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Proponents of the fragrance industry say that safety ultimately boils down to the question of exposure. A spokesperson for the Fragrance Creators Association said in an email statement: ‘The exposure to any individual fragrance ingredient in a product is extremely low – well below 1%. Fragrance ingredients are not hazardous based on usage.’

And there is no state, federal, or global regulating fragrance chemicals and their safety. The fragrance industry, as is much of the cosmetics industry, remains largely self-regulated too. The current framework is drafted by the research arm of the International Fragrance Association, which only sets voluntary safe use standards for chemicals.

Fragrance in Skincare: Good or Bad?

 If you’re allergic or sensitive to fragrance, yes. For some of us, even the smallest hint of a fragrance can give us headaches. Still, anyone, anyone, no matter their skin condition, can have a bad reaction from using fragrances. Some of the chemicals in fragrances have been linked to migrainesrespiratory conditionsskin and eye irritations. and endocrine disruption.

For the rest of us? Maybe. You can stick to the hard and fast rule of avoiding fragrances altogether. But say you can’t part ways with that lavender toner, you can still go and find out if there’s a list of ingredients that give off that lavender scent. Due diligence can save you a world of pain.

One should be wary of labels like ‘unscented’ too. It might not mean that the product is truly ‘fragrance-free.’ That’s because some products may use components to mask the smell of the original formulation. So even if you don’t smell any fragrance, it doesn’t mean that there are chemicals that cover the smell of the product’s underlying formula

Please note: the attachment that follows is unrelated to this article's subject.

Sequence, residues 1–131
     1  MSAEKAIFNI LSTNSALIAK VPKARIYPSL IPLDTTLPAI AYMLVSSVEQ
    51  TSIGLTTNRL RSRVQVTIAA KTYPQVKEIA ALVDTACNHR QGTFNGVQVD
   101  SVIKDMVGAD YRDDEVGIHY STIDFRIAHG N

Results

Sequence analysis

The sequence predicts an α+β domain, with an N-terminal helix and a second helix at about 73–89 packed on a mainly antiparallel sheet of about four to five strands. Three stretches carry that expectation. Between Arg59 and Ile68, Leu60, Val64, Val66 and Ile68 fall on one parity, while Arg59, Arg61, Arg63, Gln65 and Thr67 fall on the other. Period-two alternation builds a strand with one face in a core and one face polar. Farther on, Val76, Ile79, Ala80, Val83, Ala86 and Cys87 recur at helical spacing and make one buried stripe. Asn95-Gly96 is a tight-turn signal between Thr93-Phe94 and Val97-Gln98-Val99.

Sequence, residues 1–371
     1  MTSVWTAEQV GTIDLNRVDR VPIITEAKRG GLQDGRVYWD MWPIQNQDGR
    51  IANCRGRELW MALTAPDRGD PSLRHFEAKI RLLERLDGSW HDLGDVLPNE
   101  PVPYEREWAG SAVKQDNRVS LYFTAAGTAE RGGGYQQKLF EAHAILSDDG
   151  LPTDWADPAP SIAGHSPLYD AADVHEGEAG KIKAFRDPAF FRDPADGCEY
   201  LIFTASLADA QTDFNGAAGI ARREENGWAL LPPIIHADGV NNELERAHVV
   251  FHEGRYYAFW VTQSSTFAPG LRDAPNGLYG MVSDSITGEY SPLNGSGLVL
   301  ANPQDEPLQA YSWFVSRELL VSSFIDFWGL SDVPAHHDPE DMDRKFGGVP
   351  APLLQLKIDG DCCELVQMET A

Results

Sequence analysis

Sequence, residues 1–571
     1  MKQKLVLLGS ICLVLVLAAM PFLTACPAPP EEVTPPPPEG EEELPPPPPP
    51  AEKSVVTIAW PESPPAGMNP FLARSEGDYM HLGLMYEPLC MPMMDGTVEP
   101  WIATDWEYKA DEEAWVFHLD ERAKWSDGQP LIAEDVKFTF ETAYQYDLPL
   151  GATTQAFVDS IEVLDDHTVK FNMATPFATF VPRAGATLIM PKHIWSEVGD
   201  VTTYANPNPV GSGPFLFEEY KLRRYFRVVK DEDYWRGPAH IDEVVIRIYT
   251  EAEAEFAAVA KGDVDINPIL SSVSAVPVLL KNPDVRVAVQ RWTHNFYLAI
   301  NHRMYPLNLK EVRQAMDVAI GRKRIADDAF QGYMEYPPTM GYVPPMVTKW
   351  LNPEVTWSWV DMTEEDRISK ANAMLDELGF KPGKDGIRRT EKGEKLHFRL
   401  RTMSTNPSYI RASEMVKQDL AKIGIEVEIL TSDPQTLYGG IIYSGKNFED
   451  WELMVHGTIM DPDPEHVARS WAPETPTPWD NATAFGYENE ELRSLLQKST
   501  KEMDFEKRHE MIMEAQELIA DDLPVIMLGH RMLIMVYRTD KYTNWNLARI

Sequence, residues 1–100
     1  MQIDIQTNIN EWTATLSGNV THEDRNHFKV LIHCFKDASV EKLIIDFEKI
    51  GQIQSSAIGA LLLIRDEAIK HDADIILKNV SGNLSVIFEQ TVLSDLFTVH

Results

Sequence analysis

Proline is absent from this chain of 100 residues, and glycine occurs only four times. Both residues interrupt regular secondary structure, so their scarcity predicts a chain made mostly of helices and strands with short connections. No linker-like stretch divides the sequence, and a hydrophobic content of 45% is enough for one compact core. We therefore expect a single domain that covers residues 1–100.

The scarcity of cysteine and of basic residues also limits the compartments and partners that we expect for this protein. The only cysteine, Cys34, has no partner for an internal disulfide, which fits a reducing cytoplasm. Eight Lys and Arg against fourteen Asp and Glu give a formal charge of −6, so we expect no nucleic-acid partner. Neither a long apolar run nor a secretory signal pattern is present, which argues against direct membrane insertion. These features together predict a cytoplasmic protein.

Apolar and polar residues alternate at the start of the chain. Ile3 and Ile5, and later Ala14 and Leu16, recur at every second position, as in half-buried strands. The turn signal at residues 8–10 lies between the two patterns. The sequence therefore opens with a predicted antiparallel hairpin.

A Final Take

In the golden age of social media and skinfluencers, every new product will face scrutiny from across the globe the moment they get to market. And there is a repertoire of resources on the internet to help consumers parse through their formulas.

But if you want to keep it simple, just keep it simple: avoid fragrances on the more sensitive parts of your skin, such as your face, neck, and under-eye area. For the rest of your body with less sensitive skin, fragrances should cause no harm.

So the usual axioms for skincare still apply: there is no one-size-fits-all; if you don’t know why your skin is having some irritation, best to consult a professional allergist or dermatologist.

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Terence is the deputy editor for Tropika Club Magazine. He is an analytical individual who enjoys learning about animals and different cultures. He has a curious mind and is always seeking knowledge and understanding. Terence is also a friendly and approachable person who enjoys making connections with others. He is passionate about his work in the publishing industry and takes pride in his collaborations with authors and editors.